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Dropbox Returns to Sundance to Celebrate the Art of Collaboration

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The presenting sponsor of the IndieWire Studio at the Sundance Film Festival is providing the tools filmmakers need to better organize their productions.

Dropbox

Making a film can be both a marathon and a sprint, with a production taking months or even years to come to fruition — with many long, tiring days on set and in editing rooms. But now filmmakers are discovering different ways to use Dropbox to streamline creative workflows and get their passion projects off the ground much faster.

Why is Dropbox at Sundance?
Dropbox returns to the Sundance Film Festival for the 4th year in a row to celebrate the massive collaborative effort that it takes to make a film. For the past 5 years, over 60% of Sundance films were made with the help of Dropbox. Filmmakers like Edward Norton (“Motherless Brooklyn”), Barry Jenkins (“Moonlight”), and Lulu Wang (“The Farewell”) have relied on Dropbox to work better with their large and diverse teams.

Filmmaking is a team sport. Oftentimes there are large teams working in different locations with tight timelines, constantly shifting priorities, and razor-thin margins. Whether sharing dailies, shooting schedules, costume specs, or film finance spreadsheets, Dropbox and Dropbox Paper keep these teams on the same page so everyone’s marching towards the same goal.

As producer, writer, director, and star of the movie “Motherless Brooklyn,” Edward Norton had to harness the collective skillset of disparate teams and sought what he calls a “curatorial platform” to unify the crew. Norton and his crew used both Dropbox and Dropbox Paper to create, communicate, and coordinate without toggling through emails and apps.

“I used it personally as a place to keep track of what state of creative evolution the various layers of the film were in. I had a file for every scene with the script, photos of the costumes, photos of the locations, the sets,” said Norton. “But also what I started doing was building my full storyboards in it using photographs.”

Before he began using collaboration tools, Norton said it used to take weeks of back and forth with a storyboard artist to bring his visions to life.

“On this production any member of the crew could open up ‘Day Two’ and the shot list and sequence of work for the day, along with specific photographic storyboards of every set up,” said Norton. “Having a document like that for every day of the shoot that’s on everybody in the crew’s phone was fairly revolutionary. We’d never have been able to shoot a film this big in 46 days without that kind of team coordination.”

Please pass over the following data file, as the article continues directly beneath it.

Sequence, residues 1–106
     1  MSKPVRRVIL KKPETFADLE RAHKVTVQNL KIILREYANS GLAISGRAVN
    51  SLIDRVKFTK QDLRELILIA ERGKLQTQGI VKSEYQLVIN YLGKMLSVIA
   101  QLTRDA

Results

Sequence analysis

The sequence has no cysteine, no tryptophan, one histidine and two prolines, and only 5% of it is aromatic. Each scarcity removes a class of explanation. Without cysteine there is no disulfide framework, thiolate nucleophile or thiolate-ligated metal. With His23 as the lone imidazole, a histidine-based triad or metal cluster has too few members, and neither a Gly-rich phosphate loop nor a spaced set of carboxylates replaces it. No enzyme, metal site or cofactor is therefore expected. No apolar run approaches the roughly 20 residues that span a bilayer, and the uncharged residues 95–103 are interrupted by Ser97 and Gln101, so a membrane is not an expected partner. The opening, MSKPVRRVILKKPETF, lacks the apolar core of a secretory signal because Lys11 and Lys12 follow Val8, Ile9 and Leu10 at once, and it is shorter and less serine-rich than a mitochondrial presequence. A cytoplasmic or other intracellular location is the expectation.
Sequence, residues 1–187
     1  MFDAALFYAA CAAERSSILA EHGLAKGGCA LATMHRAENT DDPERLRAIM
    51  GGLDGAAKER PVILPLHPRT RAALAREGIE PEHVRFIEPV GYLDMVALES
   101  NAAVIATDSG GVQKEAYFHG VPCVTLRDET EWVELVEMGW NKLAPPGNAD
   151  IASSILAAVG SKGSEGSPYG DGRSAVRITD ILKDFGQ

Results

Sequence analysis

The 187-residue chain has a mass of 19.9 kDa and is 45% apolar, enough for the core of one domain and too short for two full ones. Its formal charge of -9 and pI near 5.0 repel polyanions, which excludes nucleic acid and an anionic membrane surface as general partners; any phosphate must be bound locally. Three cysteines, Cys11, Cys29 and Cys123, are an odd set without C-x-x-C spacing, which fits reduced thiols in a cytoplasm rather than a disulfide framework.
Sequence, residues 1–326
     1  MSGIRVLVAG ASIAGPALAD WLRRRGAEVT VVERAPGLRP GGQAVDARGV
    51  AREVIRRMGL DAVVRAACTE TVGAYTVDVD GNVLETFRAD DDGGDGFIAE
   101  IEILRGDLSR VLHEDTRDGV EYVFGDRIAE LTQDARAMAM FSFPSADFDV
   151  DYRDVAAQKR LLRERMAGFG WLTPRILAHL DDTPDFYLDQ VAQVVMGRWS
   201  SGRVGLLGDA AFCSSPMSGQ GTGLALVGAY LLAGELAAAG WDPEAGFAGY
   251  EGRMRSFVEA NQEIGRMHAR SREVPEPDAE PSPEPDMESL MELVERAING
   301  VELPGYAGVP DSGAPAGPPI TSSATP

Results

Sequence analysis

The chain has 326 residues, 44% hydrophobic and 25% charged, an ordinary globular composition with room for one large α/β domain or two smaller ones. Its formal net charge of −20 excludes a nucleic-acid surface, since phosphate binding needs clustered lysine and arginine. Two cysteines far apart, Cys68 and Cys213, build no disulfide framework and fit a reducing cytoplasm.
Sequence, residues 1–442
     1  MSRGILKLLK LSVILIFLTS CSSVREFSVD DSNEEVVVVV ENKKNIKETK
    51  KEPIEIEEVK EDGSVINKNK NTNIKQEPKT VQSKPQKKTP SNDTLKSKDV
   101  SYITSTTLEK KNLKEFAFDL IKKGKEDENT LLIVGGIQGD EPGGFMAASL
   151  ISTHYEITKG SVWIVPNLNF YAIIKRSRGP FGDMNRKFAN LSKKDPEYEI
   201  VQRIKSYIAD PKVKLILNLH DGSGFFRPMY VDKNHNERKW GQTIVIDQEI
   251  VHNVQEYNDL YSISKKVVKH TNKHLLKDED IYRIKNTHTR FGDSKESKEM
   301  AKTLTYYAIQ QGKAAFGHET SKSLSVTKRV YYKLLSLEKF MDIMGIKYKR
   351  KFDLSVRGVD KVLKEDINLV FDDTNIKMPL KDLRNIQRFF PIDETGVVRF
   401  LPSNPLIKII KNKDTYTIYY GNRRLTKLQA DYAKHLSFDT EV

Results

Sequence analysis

How do filmmakers use Dropbox?
Dropbox has gathered a lot of resources to show how it’s products speed up processes, simplify collaboration, and help teams work together efficiently through every stage of the production which can be found at dropbox.com/film. The collection of articles highlights how to use Dropbox on a film, as well as interviews with filmmakers on how they’ve used it in the past.

“We use Dropbox throughout our entire process,” said Joshua Cohen, co-producer and post-production supervisor of “TheFarewell.” Cohen says the first step is simply getting all the paperwork and timetables in one place. “On the production side, we use Dropbox for all our organization, for our contracts, and our schedules.”

Filmmakers are also using Paper for location scouting. Paper allows crews to build a visual location guide, helping the team discuss and hone in on the best places to get the shots they need. You can just drop in a Google Maps link to view and interact with a map by zooming in and out and navigating on your mobile device.

“We do call sheets, daily schedules, and maps that get uploaded into Dropbox Paper,” said James Okumura, Emmy winner and producer of the short film “Mighty.“ “So every day, it’s a repeat of daily schedules, call sheets, and maps that get disseminated to all the crew through Paper,” which allows them to go where they need to go at the right time. “It’s really like wrangling really hyper-intelligent and capable cats.”

What is the Dropbox book?
Dropbox has created a custom brand book showcasing how Dropbox is a useful tool in film creation and fosters collaboration.

The best part about filmmaking is collaboration but it can also be the most challenging part. The Dropbox book illustrates the filmmaking process and how to simplify the collaboration process. You can download the Dropbox Film Book here to learn more.

The IndieWire Studio returns to the 2020 Sundance Film Festival on Friday January 24th. Located on Main Street in the heart of Park City, Utah, the studio will be home to dozens of video interviews and will serve as a destination for actors, directors, producers, screenwriters, composers, and documentary subjects.

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